• Plan: In the planning stage, teams define application requirements, user stories, and development tasks. The team also needs to identify possible security requirements and find solutions for issues found in the monitor stage.
  • Build: In the building stage, the team develops new features and functionalities based on project requirements. Developers need to follow code guidelines, go through code reviews and Static Application Security Testing, and fix all code and security issues introduced with new changes.
  • Test: In the testing stage, an application’s functionality and code quality are tested using unit tests, integration tests, and Dynamic Application Security Tests. The application must pass all tests to move to the next stage.
  • Deploy: With automated deployment pipelines, applications are deployed into staging and production systems. In this stage, we also rebuild and test the environment if IaC definition files are changed.
  • Monitor: In this stage, the application and infrastructure are constantly monitored for security threats and performance issues. Security monitoring tools analyze logs and metrics to detect and respond to security concerns in real time.

Challenges of Implementing a DevSecOps Pipeline

Implementing the DevSecOps pipeline into an organization that is not used to working with this workflow is challenging. Some of the challenges include:

  • Cultural resistance
    Some developers prefer how they’re used to doing things and are hesitant to do anything new. They would rather stick with the old “reliable” method than learn something new, even if it is better.
  • Legacy Systems
    Some applications were written before DevOps existed or are in maintenance mode, and the cost of implementing the DevSecOps pipeline outweighs the benefits.
  • Technical Debt
    Some applications that rush to production can have a lot of technical debt. Implementing the DevSecOps pipeline before fixing technical debt can block new code from getting into production.
  • Tooling and Automation complexity
    Investigating various tools and automation frameworks necessary for implementing an effective DevSecOps pipeline can be complex and time-consuming.
  • Lack of Security Expertise
    Many development teams need more security knowledge and skills to implement effective security measures.

Best Practices when Building a DevSecOps Pipeline

Building a robust DevSecOps Pipeline requires following best practices to ensure that security is a top priority. Here are some of those practices:

Collaborations between Development, Operations, and Security teams
Every team needs to work together to create a strong DevSecOps pipeline. They all share the goal of developing robust applications, and for that to happen, they need to communicate effectively and help each other. Regular meetings and feedback loops between teams can help solve issues that occur during development. Security teams should constantly investigate and learn about new security threats and educate other teams about best practices against those threats.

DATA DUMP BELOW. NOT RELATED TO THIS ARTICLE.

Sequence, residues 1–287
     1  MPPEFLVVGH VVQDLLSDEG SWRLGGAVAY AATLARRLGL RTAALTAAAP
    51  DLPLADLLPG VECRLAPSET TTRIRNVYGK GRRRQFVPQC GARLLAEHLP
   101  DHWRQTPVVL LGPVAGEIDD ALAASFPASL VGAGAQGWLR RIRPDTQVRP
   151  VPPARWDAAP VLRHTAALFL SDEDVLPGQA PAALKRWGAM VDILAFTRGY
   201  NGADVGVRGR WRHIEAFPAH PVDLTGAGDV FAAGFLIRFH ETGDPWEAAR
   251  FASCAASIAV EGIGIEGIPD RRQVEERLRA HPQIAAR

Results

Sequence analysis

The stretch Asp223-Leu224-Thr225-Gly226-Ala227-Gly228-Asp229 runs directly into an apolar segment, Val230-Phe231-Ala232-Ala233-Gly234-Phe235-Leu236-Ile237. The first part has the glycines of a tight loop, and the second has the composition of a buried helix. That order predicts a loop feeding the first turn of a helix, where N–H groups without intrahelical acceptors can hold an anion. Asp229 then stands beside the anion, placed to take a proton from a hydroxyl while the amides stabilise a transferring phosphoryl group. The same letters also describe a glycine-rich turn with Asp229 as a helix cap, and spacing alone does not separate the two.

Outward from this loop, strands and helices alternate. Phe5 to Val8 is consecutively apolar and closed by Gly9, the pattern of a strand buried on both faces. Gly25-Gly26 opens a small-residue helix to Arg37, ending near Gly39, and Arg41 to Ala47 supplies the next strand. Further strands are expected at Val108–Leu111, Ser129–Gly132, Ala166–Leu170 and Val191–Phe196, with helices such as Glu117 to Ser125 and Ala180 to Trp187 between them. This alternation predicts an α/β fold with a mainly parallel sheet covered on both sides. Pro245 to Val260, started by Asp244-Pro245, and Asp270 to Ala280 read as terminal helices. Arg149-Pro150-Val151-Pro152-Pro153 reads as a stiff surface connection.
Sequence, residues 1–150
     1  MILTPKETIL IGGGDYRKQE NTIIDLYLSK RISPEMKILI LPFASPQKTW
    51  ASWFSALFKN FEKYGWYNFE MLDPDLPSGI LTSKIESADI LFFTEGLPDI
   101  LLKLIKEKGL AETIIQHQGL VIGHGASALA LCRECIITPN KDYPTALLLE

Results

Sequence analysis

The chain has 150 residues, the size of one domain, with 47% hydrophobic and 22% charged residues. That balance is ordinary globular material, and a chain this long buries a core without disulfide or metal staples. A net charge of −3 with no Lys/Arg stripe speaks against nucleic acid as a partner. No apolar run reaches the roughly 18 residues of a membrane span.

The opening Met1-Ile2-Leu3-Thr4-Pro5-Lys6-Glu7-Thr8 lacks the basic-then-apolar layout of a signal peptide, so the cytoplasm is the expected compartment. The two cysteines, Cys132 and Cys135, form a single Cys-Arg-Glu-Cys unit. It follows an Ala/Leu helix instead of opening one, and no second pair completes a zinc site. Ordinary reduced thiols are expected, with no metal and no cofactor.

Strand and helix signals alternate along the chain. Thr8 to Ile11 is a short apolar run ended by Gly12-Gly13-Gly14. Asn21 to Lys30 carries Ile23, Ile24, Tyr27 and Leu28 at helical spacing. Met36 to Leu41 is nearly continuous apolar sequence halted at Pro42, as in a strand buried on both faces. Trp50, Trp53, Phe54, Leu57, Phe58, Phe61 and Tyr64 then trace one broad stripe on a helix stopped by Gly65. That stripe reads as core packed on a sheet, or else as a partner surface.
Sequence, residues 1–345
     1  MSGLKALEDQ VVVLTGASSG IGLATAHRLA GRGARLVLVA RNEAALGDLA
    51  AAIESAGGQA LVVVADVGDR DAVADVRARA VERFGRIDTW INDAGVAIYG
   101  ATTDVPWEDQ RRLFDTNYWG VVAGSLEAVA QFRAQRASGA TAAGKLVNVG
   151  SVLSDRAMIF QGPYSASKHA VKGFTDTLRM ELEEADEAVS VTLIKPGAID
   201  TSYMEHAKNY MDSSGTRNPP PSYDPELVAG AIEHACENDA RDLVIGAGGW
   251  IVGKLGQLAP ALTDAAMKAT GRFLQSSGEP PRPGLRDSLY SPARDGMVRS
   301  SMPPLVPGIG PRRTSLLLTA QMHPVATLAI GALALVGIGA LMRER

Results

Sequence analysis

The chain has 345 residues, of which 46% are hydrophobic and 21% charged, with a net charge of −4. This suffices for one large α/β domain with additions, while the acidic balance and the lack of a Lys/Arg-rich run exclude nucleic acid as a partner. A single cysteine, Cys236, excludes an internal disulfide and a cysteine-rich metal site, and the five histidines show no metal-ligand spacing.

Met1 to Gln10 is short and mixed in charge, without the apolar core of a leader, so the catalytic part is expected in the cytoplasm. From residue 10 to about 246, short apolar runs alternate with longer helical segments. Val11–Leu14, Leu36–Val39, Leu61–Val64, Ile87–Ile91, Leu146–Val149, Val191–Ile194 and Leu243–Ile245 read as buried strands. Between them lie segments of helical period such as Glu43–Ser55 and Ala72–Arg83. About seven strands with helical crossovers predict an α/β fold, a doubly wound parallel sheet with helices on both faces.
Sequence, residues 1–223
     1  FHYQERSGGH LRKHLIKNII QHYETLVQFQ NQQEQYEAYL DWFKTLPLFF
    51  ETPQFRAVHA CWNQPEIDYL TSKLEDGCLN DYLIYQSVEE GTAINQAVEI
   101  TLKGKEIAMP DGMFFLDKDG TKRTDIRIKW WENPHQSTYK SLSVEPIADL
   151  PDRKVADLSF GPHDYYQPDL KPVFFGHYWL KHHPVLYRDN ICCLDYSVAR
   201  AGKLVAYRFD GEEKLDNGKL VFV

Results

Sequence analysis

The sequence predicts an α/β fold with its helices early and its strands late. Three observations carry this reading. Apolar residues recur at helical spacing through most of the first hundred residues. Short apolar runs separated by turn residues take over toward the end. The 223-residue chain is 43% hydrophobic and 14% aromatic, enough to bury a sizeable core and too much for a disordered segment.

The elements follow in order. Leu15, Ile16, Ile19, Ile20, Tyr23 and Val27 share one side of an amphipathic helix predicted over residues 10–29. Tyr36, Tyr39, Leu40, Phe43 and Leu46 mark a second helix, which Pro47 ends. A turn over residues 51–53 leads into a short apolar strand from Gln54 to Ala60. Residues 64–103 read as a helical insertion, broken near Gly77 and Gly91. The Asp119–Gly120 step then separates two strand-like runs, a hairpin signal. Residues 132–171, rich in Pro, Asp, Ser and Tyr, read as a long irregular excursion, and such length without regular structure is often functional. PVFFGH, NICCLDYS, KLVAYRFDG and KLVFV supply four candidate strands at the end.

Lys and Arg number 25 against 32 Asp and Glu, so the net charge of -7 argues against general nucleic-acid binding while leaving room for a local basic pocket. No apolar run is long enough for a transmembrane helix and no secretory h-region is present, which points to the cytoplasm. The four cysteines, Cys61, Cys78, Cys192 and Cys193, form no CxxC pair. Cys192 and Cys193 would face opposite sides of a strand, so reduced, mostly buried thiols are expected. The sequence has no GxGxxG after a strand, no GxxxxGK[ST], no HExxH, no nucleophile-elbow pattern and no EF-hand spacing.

Adopting Infrastructure as Code
Implementing tools like Terraform or AWS CloudFormation for resource management allows you to apply configurations consistently across environments and track changes more effectively. Organized and consistent change tracking eliminates random errors caused by badly set environments and allows developers to focus on other things.

Adopt Automation
Manual testing takes a lot of time, and switching to automation can speed up the testing process to mere seconds. Implementing it can be challenging and requires finding the right tool for the job.

Implement Secure Coding Standards
Getting used to using secure coding standards can sometimes be hard, but it is essential for building secure applications. By providing developers with best practices and guidelines, organizations can ensure that code is secure from the start.

Provide Security Training
Security training for developers and other team members can increase security awareness. By educating their employees, organizations can reduce the risk of security incidents.


Implementing the DevSecOps pipeline can reduce the monetary and development time costs of building a new application. Issues will be found during integration or deployment stages with SAST or DAST and will be fixed before getting into production. Implementing it is not always easy, and you can run into cultural resistance or a lack of security skills, but the benefits almost always outweigh that. The DevSecOps pipeline requires great communication between development, operations, and security teams to ensure that everyone’s secure coding standards are on point and that issues found are solved by consolidating with other teams. To explore how Comtrade 360 can enhance your DevSecOps initiatives and help overcome these challenges, learn more about our comprehensive DevSecOps services.